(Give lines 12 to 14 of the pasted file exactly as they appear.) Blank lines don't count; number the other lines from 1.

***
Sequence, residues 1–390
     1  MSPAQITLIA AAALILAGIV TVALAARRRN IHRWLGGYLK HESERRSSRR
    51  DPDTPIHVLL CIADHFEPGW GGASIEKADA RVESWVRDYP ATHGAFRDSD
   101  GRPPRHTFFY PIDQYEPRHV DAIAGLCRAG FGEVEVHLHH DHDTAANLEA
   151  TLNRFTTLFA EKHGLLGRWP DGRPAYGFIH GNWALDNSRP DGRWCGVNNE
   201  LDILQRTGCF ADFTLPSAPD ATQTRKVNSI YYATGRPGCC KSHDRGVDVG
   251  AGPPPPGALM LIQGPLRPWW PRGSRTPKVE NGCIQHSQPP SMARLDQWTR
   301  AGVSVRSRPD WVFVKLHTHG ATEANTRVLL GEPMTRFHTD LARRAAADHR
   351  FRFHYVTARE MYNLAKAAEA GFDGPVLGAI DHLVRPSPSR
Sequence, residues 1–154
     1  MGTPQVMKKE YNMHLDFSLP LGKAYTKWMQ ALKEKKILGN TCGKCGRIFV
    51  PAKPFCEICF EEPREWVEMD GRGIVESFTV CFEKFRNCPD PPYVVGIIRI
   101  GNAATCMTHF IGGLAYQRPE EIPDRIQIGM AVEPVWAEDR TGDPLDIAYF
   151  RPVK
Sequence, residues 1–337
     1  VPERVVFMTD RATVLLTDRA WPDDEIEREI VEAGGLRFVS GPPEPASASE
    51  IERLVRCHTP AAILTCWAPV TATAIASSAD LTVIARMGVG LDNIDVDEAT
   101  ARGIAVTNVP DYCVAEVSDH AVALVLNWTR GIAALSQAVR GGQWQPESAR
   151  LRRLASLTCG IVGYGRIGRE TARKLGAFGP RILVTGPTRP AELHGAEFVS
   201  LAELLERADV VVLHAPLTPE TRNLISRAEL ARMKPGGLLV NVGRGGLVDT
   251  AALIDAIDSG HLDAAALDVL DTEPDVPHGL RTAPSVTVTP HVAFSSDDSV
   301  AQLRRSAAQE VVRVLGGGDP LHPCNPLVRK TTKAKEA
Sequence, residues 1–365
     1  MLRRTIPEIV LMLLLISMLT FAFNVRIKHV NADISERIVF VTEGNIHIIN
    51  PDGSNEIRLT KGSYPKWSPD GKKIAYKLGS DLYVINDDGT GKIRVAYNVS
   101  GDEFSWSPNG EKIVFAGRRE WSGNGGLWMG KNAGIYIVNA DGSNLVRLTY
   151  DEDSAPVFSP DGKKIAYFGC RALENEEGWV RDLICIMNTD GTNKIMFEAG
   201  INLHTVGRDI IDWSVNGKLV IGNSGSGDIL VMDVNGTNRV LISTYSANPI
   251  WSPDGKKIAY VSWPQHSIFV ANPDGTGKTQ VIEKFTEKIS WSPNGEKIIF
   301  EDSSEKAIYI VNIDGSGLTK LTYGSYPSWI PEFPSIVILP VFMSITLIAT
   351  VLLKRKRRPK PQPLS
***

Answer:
    51  PAKPFCEICF EEPREWVEMD GRGIVESFTV CFEKFRNCPD PPYVVGIIRI
   101  GNAATCMTHF IGGLAYQRPE EIPDRIQIGM AVEPVWAEDR TGDPLDIAYF
   151  RPVK